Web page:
Where lay his lov'd, his native land,
His ear prophetic caught the wail
Of Asshur, as the conquering sail
Swell'd proudly on Euphrates' breast
From distant Chittim of the west.

And yet once more a prophet stands,
And gazes on those gleaming lands:
He sees the sloping hills where shine
The laughing clusters of the vine;
And bristling ears of bearded grain
The toiling reaper's hoarded gain :
And many a mountain's ancient seat,
And many a valley's cool retreat,
Where sheltering rise mid airs of balm
The fig, the olive, and the palm.
He sees-no more-he may but glance
Awhile in momentary trance,
And he their prophet, teacher, sage,
Their guide to that fair heritage,

Must see the land which they shall share
Nor breathe a sigh to enter there.

No step may tread-no eye may trace
His lone mysterious burial place,
But who shall say what mightier power
Is with him in that final hour,
What angel host bright vigil keeps
Around the spot where Moses sleeps!

What need to sing of him that led
Through parted Jordan's deepening bed
That host to Canaan's side;

Of that great seer to whom 'twas given
To pierce, unscathed of death, to heaven;
And his impetuous pride,

Who sought proud Pharphar's lordly wave
And scorned his leprosy to lave

In Canaan's humble tide.

But higher holier faneies brood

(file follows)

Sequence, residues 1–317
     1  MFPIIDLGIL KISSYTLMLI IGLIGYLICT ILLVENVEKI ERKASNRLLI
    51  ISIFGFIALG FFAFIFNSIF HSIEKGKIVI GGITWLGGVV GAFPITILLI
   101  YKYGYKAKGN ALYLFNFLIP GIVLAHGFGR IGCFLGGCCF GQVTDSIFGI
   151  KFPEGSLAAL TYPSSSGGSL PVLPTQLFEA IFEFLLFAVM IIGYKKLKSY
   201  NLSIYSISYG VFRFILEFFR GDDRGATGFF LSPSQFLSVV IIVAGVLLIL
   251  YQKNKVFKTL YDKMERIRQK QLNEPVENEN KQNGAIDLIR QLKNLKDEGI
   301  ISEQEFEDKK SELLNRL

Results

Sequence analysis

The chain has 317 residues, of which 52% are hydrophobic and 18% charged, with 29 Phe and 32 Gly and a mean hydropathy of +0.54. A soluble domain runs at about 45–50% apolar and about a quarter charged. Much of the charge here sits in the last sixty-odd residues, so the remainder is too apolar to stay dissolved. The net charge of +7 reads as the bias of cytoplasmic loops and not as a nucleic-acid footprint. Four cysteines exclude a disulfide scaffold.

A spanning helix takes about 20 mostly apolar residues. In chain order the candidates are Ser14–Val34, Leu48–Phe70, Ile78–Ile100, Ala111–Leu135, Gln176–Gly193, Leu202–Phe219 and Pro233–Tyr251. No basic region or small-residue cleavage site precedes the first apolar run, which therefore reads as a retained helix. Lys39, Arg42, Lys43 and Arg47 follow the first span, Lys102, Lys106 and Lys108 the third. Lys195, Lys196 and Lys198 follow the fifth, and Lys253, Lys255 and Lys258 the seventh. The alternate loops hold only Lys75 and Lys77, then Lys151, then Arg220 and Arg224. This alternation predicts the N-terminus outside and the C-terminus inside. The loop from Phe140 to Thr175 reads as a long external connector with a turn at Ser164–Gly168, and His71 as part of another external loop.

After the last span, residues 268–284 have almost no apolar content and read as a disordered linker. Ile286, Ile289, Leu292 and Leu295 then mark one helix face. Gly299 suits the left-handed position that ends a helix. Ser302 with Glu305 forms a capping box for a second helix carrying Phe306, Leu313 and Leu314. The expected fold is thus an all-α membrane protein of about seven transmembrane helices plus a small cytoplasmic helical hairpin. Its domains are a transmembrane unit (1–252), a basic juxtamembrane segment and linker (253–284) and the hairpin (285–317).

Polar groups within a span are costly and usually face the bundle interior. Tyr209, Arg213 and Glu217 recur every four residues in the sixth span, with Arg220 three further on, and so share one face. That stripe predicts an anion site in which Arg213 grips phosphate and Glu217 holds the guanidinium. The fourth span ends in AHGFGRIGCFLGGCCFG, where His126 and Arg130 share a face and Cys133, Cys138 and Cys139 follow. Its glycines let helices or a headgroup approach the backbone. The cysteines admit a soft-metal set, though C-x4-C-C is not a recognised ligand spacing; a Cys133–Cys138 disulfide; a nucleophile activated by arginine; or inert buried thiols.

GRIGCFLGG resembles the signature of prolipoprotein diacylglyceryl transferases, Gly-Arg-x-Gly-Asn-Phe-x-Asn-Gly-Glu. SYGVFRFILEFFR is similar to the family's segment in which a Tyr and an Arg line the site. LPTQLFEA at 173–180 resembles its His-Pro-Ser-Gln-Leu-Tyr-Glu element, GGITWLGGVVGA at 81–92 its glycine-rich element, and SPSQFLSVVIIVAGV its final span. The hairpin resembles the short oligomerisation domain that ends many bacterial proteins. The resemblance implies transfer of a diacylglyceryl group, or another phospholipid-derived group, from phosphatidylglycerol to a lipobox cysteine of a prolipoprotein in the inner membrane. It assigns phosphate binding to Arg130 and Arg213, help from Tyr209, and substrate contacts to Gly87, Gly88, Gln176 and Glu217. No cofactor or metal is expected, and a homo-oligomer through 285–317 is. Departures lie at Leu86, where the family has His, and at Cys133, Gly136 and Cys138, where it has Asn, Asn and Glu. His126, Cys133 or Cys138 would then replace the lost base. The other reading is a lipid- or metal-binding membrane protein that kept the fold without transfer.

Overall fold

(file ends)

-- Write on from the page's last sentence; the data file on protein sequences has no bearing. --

Oe'r Jordan's mystic solitude.
For these on thy untrodden bank
Waved the rich verdure wild and rank,
And silent grandeur loved to reign
Unbroken on thy desert plain.

Hark! from those banks resounds a cry
"Repent ye, for the Lord is nigh!"
And lo! a weird majestic form

That warns to flee the gathered storm.
Not his the mien of those who wait
Upon the footsteps of the great,
Not their's who bask in sluggish ease
Mid pomp of courtly palaces;

Stern is his air, and coarse the vest
Drawn knotted o'er his swarthy breast;

Higher than monarch's call he brings-
The herald of the King of kings.

But who, mid those that haste to lave
Their palsied souls in Jordan's wave,
O'erawes the throngs that onward press,
In majesty of lowliness?

Mark'd ye the ranks before him bow?
Mark'd ye the glory on his brow?
By that descending heavenly dove,
By those dread accents from above-

The Prince of Peace, The God of Love.

Oh! vain for stammering man to try
With his weak utterance theme so high;
Then how unmeet that lay like mine
Should strain to tune with things divine.
For far above our earthward thought
In fierce life-struggle vilely taught,
Above light Fancy's fickle hand
Supremely towers that story grand ;
Nor save when shadow of unrest
Has fled the calm secluded breast
We see in dim uncertain view

That life "beneath the Syrian blue."

These giant forms are passed away,
And prophet, priest, and king
Adorn a grander nobler lay

Than minstrel harp may sing:

But desolation ranges wide

Where Joshua fought and Moses died.

There the lone Arab wanders wild

The desert's solitary child.

Or oft returning loves to stand

The exile from his widowed land,

And mourn with many a bitter sigh
The glory of a day gone by.